Alaska Reference Database

The Alaska Reference Database originated as the standalone Alaska Fire Effects Reference Database, a ProCite reference database maintained by former BLM-Alaska Fire Service Fire Ecologist Randi Jandt. It was expanded under a Joint Fire Science Program grant for the FIREHouse project (The Northwest and Alaska Fire Research Clearinghouse). It is now maintained by the Alaska Fire Science Consortium and FRAMES, and is hosted through the FRAMES Resource Catalog. The database provides a listing of fire research publications relevant to Alaska and a venue for sharing unpublished agency reports and works in progress that are not normally found in the published literature.

 

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Displaying 1 - 7 of 7

As the permafrost region warms, its large organic carbon pool will be increasingly vulnerable to decomposition, combustion, and hydrologic export. Models predict that some portion of this release will be offset by increased production of Arctic and...

Person: Abbott, Jones, Schuur, Chapin, Bowden, Bret-Harte, Epstein, Flannigan, Harms, Hollingsworth, Mack, McGuire, Natali, Rocha, Tank, Turetsky, Vonk, Wickland, Aiken, Alexander, Amon, Benscoter, Bergeron, Bishop, Blarquez, Bond-Lamberty, Breen, Buffam, Cai, Carcaillet, Carey, Chen, Chen, Christensen, Cooper, Cornelissen, de Groot, DeLuca, Dorrepaal, Fetcher, Finlay, Forbes, French, Gauthier, Girardin, Goetz, Goldammer, Gough, Grogan, Guo, Higuera, Hinzman, Hu, Hugelius, Jafarov, Jandt, Johnstone, Karlsson
Year: 2016
Resource Group: Document
Source: FRAMES, TTRS

Large wildland fires are complex, costly events influenced by a vast array of physical, climatic, and social factors. Changing climate, fuel buildup due to past suppression, and increasing populations in the wildland-urban interface have all been...

Person: Canton-Thompson, Gebert, Thompson, Jones, Calkin, Donovan
Year: 2008
Resource Group: Document
Source: FRAMES, TTRS

Recent high-latitude warming is increasing the vulnerability of permafrost to thaw, which is amplified by local disturbances such as fire. However, the long-term ecological effects and carbon dynamics are not well understood. Here we present a 2200-...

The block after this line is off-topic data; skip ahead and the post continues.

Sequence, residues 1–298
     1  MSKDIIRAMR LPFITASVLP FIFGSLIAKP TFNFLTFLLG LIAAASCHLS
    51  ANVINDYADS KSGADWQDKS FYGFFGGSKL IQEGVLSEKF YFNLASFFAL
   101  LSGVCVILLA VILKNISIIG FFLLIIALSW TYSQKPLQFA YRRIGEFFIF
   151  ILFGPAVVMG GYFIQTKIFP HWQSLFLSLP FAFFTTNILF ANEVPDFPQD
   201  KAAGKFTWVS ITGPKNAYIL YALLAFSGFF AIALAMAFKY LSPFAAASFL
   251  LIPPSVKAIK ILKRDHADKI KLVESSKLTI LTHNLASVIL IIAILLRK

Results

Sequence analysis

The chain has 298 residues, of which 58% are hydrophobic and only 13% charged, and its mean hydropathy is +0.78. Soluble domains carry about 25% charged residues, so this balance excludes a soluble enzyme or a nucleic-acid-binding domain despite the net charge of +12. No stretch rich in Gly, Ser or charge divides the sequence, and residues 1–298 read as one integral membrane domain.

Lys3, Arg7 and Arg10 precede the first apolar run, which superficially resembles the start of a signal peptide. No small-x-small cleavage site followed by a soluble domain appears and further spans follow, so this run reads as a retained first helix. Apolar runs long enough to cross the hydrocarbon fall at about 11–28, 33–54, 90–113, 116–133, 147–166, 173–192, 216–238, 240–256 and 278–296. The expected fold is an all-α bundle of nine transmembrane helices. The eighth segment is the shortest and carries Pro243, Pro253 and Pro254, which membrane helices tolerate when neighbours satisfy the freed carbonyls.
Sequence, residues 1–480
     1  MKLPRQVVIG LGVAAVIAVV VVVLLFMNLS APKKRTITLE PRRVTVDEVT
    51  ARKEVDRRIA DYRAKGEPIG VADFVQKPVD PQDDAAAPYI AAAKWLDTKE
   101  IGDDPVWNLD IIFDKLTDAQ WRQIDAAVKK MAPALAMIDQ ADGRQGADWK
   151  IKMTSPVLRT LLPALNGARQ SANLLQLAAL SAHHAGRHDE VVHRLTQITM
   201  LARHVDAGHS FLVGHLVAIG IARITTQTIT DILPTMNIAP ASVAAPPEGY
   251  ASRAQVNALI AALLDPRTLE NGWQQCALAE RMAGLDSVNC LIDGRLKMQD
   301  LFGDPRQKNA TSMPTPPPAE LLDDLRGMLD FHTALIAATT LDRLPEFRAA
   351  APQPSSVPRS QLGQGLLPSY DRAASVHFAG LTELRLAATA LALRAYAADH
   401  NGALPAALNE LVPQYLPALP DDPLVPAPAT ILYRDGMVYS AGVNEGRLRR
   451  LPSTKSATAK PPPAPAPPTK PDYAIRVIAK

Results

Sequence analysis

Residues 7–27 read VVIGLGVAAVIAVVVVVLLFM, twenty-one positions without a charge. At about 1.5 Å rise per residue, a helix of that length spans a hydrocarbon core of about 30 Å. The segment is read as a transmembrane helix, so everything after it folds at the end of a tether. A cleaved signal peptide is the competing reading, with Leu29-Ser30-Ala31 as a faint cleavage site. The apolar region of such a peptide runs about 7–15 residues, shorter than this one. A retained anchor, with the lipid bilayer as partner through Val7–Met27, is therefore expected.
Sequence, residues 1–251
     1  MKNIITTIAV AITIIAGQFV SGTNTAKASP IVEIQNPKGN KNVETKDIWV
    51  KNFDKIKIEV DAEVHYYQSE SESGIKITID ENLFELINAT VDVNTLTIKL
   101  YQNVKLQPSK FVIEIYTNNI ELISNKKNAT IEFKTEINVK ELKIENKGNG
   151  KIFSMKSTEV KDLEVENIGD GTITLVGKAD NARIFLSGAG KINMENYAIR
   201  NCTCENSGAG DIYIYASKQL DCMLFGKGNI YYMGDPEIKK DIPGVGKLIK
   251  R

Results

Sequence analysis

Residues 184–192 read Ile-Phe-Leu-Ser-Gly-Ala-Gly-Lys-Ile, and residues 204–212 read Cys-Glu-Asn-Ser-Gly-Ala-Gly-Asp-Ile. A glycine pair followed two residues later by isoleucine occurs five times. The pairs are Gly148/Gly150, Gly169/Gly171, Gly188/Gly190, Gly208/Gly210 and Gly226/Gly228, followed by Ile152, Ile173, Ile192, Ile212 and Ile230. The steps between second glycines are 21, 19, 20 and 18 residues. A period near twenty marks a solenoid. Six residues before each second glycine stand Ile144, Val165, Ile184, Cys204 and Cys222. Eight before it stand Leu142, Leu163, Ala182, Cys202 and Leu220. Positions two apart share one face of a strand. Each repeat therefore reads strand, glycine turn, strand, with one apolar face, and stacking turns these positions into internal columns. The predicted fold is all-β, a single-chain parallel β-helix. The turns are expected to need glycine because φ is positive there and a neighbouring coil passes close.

Person: Jones, Booth, Yu, Ferry
Year: 2013
Resource Group: Document
Source: FRAMES, TTRS

This state-of-knowledge review provides a synthesis of the effects of fire on cultural resources, which can be used by fire managers, cultural resource (CR) specialists, and archaeologists to more effectively manage wildland vegetation, fuels, and fire...

Person: Ryan, Jones, Koerner, Lee
Year: 2012
Resource Group: Document
Source: FRAMES, TTRS

In 2007, the Anaktuvuk River Fire (ARF) became the largest recorded tundra fire on the North Slope of Alaska. The ARF burned for nearly three months, consuming more than 100,000 ha. At its peak in early September, the ARF burned at a rate of 7000 ha d-...

Person: Jones, Kolden, Jandt, Abatzoglou, Urban, Arp
Year: 2009
Resource Group: Document
Source: FRAMES, TTRS

Extreme fire seasons in recent years and associated high suppression expenditures have brought about a chorus of calls for reform of federal firefighting structure and policy. Given the political nature of the topic, a critical review of past trends in...

Person: Calkin, Gebert, Jones, Neilson
Year: 2005
Resource Group: Document
Source: FRAMES, TTRS

A new one-dimensional heat conduction model for predicting stem heating during fires is presented. Themodel makes use of moisture- and temperature-dependent thermal properties for layers of bark and wood. The thermal aspects of the processes of bark...

Person: Jones, Webb, Jimenez, Reardon, Butler
Year: 2004
Resource Group: Document
Source: FRAMES, TTRS